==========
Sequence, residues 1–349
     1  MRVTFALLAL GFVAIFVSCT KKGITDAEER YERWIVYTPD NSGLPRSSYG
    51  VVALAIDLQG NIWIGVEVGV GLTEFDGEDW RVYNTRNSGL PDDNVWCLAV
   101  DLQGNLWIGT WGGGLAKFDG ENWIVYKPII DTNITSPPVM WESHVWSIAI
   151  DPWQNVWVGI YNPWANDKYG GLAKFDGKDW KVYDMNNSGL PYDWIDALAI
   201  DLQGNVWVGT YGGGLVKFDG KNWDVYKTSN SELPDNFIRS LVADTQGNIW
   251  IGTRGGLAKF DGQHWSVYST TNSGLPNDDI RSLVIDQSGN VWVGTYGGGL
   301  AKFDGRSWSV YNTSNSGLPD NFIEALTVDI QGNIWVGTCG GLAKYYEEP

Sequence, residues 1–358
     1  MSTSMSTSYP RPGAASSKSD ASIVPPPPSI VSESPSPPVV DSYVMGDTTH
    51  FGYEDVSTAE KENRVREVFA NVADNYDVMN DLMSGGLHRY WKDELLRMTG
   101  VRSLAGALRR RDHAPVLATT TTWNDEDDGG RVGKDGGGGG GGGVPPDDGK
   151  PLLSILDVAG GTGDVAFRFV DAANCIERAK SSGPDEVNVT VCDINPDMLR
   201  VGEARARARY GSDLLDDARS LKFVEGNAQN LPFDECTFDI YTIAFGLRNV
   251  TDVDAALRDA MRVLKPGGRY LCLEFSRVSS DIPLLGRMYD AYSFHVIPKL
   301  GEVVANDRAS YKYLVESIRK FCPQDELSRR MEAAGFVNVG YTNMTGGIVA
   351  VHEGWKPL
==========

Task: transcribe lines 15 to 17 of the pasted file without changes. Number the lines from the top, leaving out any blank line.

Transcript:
   251  TDVDAALRDA MRVLKPGGRY LCLEFSRVSS DIPLLGRMYD AYSFHVIPKL
   301  GEVVANDRAS YKYLVESIRK FCPQDELSRR MEAAGFVNVG YTNMTGGIVA
   351  VHEGWKPL